Last week plenty of headlines about 2012 being the "warmest on record in the lower 48" and even more dramatic about 2012 being the "hottest year ever". Was it really? Sort of. Indeed for weather records(1895-2012) last year (for the lower 48 states) was 3.2° above the 20th century average and 1° above the previous "warmest year" of 1998. Here are the state rankings with many states (but sure not Alaska) recording their warmest year in 100+ years.
But the temperatures for 2012 in other parts of the world sure were not as high as in the lower 48. Tomorrow NASA and NOAA will release an analysis of global temperatures for 2012. Ready for a preview? Here it is.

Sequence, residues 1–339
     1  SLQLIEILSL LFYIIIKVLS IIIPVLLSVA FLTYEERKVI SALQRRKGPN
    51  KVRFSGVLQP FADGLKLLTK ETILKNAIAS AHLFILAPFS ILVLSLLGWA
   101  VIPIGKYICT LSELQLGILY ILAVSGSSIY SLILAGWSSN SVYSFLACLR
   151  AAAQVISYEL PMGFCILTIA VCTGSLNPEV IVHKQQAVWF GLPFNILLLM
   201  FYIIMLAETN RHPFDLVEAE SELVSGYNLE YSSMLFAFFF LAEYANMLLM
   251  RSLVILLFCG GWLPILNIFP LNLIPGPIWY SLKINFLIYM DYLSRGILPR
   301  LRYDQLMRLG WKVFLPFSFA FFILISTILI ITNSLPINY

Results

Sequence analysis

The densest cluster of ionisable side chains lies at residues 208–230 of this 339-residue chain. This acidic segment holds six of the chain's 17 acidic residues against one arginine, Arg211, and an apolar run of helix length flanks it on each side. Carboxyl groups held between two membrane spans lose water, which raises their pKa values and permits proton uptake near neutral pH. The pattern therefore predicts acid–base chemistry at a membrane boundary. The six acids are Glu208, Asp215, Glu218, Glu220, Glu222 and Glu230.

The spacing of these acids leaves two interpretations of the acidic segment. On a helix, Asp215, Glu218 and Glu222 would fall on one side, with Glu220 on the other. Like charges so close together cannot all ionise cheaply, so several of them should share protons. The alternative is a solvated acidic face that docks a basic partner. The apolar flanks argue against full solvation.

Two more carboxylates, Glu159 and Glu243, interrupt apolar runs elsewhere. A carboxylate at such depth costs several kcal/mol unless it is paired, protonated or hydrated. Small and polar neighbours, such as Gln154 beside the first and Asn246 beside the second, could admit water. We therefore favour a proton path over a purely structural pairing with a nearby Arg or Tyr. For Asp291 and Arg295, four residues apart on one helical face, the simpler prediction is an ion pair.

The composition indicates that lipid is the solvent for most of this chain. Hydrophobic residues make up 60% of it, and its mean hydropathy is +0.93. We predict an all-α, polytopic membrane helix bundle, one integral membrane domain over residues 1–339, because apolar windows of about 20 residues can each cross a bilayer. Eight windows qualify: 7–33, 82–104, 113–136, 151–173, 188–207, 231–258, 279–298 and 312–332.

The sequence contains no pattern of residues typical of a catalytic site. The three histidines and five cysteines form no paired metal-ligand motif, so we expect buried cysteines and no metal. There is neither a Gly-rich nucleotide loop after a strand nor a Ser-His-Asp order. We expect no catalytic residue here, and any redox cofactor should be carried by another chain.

This is the global temperature differences for 2012 from NOAA's Earth System Research Laboratory in Boulder, Colorado. The record 2012 warmth over the U.S. sure shows, but look at Alaska, colder than average and globally, western Alaska may have been below average more than any other area. Colder than average in Siberia, central Asia and Scandanavia. But on this analysis, the polar regions, especially temperatures in the Arctic, were much above average. This past year, in September there was a record low area of the Arctic covered by sea ice so another "warm" year in the Arctic is hardly surprising. Finally and importantly, while there were sure some cold areas in 2012 across the globe, the continuing trend of greatest warming at highest latitudes, agrees with what some of the earliest, crude climate models were suggesting about 40 years ago. Observations more and more are supporting theory and simulations of what our future climate might be. Science works. Let's see what NASA and NOAA say tomorrow :>)